St. 1856, c. 173 :
SECT. 2. At the annual election in November, in the year one thousand eight hundred and fifty-six, and at the annual election in November of every fifth year thereafter, the legal voters of the several cities and towns in each county, excepting in the county of Suffolk, shall choose by ballot for their respective counties, a clerk, who shall act as clerk of the supreme judicial court, and the court of common pleas, within and for the county for which he shall be chosen ; and at the same time the legal voters of the county of Suffolk shall choose by ballot for said county of Suffolk, a clerk of the supreme judicial court, a clerk of the superior court, and a clerk of the municipal court of said county.
SECT. 9. In case a vacancy shall, from any cause, occur in the office of
any of the clerks of courts herein before mentioned, the judges of the said several courts, or a majority of the same, may appoint a suitable person to fill such office, who shall hold the same until the annual election in November next thereafter, or until another is chosen or appointed in his stead; and at said annual election next thereafter, an election by ballot shall be had, to fill said office for such unexpired term as may exist, in the same manner as is hereinbefore provided for the election of said clerks.
These sections, together with the amendment of St. 1859, c. 196, § 9, making a civil and a criminal division of the Superior Court in Suffolk County, were codified in the General Statutes of 1850, as follows (Gen. St., c. 10): –
Sect. 3. In the year eighteen hundred and sixty-one and every fifth year thereafter, there shall be elected by the voters in the county of Suffolk, a clerk of the supreme judicial court for said county, and two clerks of the superior court for said county, one for the civil, and one for the criminal, business, and by the voters in each of the other counties a clerk of the courts for the county, who shall act as clerk of the supreme judicial court, the superior court, and the county commissioners. Such clerks shall hold their offices for five years from the first Wednesday of January following their election, unless sooner removed as provided by law.
Sect. 10. If on the days aforesaid there is a failure to elect a districtattorney, clerk of the courts, register of probate and insolvency, sheriff, or commissioner of insolvency, in any district or county, the governor shall by proclamation declare such failure and order a new election to be had on such day as he shall appoint, and shall continue so to order such elections until a choice is effected.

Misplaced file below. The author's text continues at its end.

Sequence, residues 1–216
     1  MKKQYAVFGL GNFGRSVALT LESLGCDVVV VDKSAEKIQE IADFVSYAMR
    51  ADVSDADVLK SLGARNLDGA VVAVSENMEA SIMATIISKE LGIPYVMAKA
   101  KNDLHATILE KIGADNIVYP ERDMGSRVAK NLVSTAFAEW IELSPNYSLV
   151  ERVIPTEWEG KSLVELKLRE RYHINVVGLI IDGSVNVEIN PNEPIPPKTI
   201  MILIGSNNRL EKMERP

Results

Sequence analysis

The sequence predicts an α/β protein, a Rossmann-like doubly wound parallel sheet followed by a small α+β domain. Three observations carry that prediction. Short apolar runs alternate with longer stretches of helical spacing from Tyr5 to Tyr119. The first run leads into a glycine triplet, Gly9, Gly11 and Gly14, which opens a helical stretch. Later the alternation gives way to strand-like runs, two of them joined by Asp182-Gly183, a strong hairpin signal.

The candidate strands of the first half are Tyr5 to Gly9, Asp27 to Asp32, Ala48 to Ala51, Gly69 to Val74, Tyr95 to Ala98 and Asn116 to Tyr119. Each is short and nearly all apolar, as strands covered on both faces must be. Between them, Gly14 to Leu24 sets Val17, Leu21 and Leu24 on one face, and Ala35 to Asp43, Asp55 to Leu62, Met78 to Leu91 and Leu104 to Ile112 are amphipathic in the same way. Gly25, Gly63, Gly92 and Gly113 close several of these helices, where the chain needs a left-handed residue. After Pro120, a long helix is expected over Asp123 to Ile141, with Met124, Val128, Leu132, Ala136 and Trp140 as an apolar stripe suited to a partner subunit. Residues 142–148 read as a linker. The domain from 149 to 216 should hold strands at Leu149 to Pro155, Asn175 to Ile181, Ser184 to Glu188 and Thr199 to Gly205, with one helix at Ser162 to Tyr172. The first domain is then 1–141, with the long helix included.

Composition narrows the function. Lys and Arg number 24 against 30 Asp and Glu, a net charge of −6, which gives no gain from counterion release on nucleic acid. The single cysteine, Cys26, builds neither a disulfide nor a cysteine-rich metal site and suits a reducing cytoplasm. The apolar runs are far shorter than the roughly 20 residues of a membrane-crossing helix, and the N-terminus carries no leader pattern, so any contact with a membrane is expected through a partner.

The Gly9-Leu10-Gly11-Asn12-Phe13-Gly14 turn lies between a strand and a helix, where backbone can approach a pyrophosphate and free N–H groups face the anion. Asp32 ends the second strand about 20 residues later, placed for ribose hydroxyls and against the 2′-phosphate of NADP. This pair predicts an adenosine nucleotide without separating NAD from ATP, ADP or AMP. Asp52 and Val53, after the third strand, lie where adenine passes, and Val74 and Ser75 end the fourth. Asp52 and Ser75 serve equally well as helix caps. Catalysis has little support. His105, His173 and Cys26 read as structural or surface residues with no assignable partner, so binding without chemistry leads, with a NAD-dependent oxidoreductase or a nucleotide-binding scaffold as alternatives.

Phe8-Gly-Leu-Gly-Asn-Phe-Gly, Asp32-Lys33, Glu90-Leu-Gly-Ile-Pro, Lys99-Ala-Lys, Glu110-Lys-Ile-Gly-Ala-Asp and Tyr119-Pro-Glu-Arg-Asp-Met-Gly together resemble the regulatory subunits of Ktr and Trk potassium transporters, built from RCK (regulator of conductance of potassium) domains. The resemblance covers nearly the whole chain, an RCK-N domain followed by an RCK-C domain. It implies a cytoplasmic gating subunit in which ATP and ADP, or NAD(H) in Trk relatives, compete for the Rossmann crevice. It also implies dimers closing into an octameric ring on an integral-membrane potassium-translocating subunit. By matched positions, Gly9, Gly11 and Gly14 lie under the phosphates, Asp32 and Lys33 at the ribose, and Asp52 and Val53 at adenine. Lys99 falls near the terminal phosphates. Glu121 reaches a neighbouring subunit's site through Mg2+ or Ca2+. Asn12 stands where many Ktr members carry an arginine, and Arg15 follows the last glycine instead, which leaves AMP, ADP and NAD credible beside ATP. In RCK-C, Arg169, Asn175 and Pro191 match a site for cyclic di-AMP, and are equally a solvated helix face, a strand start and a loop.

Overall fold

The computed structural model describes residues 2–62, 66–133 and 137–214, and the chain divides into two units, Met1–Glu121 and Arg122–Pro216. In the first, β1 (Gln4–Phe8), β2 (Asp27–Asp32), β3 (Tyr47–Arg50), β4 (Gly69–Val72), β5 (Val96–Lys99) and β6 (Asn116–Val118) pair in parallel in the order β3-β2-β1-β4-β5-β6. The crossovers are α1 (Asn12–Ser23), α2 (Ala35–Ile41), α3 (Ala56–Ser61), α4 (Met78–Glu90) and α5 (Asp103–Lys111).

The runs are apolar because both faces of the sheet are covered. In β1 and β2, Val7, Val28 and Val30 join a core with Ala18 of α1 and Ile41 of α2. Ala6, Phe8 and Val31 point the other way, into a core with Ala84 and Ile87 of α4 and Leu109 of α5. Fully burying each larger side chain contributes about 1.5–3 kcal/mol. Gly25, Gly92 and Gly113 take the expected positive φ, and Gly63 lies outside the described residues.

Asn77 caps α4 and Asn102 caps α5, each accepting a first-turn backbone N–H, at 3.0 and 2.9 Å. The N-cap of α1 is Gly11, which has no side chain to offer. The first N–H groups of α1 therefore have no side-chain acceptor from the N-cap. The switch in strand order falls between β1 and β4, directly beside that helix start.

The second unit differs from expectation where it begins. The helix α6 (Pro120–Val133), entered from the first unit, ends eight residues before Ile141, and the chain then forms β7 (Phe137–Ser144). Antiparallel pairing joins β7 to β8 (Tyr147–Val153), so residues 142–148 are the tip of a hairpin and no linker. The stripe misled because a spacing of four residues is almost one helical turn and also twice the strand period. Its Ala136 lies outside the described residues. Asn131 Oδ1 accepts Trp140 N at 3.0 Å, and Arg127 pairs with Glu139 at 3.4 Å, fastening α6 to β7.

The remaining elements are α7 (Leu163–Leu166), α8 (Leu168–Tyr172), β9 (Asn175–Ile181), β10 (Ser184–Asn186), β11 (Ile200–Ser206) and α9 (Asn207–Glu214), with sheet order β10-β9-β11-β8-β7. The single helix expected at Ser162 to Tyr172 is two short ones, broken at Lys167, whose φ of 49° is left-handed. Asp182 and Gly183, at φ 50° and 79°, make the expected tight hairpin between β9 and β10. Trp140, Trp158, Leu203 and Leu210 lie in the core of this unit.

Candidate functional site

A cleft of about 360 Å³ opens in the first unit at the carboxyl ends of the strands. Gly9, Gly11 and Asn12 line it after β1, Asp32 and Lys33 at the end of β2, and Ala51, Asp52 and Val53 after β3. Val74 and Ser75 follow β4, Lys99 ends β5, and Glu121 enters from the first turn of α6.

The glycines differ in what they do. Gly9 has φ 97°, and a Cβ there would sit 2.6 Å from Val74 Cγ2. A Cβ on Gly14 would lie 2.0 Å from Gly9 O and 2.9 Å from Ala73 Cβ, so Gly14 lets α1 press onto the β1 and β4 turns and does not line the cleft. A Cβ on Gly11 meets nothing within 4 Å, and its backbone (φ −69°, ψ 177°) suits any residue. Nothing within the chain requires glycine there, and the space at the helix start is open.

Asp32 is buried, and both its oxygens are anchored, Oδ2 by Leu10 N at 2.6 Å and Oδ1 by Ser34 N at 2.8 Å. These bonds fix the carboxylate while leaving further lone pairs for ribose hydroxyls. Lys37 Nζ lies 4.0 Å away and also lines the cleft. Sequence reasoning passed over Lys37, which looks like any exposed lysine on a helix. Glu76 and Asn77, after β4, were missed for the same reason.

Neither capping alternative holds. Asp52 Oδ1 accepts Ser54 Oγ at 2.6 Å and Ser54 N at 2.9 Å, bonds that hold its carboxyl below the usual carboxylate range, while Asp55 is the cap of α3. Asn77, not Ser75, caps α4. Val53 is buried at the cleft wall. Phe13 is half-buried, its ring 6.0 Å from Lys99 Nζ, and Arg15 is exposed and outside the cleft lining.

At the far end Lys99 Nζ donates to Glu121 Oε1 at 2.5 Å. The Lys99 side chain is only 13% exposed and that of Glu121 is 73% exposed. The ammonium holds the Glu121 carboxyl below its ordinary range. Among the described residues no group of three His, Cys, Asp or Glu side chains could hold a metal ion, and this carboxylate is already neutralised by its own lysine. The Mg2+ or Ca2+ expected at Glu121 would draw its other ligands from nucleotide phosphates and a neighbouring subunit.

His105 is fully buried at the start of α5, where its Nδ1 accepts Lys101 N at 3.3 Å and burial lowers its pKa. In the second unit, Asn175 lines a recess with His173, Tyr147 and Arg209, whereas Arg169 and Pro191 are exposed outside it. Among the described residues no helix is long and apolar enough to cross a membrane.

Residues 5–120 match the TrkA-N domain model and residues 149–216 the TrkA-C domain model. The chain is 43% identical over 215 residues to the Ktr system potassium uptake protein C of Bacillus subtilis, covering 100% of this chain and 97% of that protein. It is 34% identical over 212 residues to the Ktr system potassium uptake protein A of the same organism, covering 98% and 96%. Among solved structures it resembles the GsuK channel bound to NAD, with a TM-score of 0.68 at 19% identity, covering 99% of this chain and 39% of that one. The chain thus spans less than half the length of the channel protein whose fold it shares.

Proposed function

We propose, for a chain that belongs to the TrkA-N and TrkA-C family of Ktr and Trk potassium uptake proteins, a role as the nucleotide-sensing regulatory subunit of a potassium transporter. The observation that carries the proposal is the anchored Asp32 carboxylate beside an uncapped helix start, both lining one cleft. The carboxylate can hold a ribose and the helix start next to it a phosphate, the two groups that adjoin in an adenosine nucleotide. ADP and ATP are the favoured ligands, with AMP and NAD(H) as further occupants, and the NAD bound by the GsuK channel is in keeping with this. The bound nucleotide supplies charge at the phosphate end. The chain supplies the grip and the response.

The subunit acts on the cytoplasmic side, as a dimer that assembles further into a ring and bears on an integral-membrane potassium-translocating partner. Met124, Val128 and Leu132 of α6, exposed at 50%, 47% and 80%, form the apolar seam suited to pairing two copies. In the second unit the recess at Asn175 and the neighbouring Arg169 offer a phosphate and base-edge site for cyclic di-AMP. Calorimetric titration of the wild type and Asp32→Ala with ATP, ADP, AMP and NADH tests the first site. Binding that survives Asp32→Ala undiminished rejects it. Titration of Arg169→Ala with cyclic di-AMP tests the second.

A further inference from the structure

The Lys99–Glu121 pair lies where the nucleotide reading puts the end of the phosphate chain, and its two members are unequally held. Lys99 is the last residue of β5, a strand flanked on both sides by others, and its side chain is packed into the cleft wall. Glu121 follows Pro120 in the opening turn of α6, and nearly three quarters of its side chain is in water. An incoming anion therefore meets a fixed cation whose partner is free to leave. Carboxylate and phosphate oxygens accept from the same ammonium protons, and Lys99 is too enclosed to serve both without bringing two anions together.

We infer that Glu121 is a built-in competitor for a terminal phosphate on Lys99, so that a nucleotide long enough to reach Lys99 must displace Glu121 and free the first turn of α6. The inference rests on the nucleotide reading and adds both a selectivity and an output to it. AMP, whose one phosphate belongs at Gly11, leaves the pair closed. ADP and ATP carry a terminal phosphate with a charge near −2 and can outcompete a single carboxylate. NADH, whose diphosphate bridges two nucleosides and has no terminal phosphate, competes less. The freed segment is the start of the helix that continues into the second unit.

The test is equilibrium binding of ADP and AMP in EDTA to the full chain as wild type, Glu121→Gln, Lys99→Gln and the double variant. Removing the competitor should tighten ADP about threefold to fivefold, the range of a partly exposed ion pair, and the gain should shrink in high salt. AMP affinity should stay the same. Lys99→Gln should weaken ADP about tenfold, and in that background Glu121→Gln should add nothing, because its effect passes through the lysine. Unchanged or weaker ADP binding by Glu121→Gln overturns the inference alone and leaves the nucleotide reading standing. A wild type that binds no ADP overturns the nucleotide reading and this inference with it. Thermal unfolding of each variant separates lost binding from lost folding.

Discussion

Sect. 13. If a person elected to either of the offices mentioned in section ten is removed therefrom, or otherwise vacates the same, an election to fill such office for the remainder of his term shall be ordered by the
governor, and shall be had on the Tuesday next after the first Monday of November.
The difficulty arises from the fact that section 13 refers to a vacancy in one of the offices mentioned in section 10, in which the phrase is 5 clerk of the courts," instead of section 3, which enumerates specifically the three clerks in Suffolk County as well as the clerks in the other counties. This reference to a vacancy in the office of a clerk of the courts was not, in my opinion, an intentional exclusion of the clerks of the Suffolk County courts. By using the general phrase "clerk of the courts" the compilers do not intend thus to change the provisions of the statute of 1856. My opinion is strengthened by the fact that the commissioners who compiled this revision, in their note upon this chapter, commented upon a change which they made in section 13, and were silent as to any alteration of meaning in this respect.
Their note is as follows:
Sect. 13. The act of 1856, chapter 173, provides for appointments to fill vacancies, and that the persons appointed shall hold until the annual election in November next thereafter, or until another is chosen or appointed. It then provides that an election shall be had to fill the vacancy at “the said annual election thereafter.” As a vacancy may occur so near the time of the annual election that it would not generally be known, the commissioners have provided that the vacancy shall be filled at the time of the annual election without confining it to the next one, and that warrants therefor shall be issued.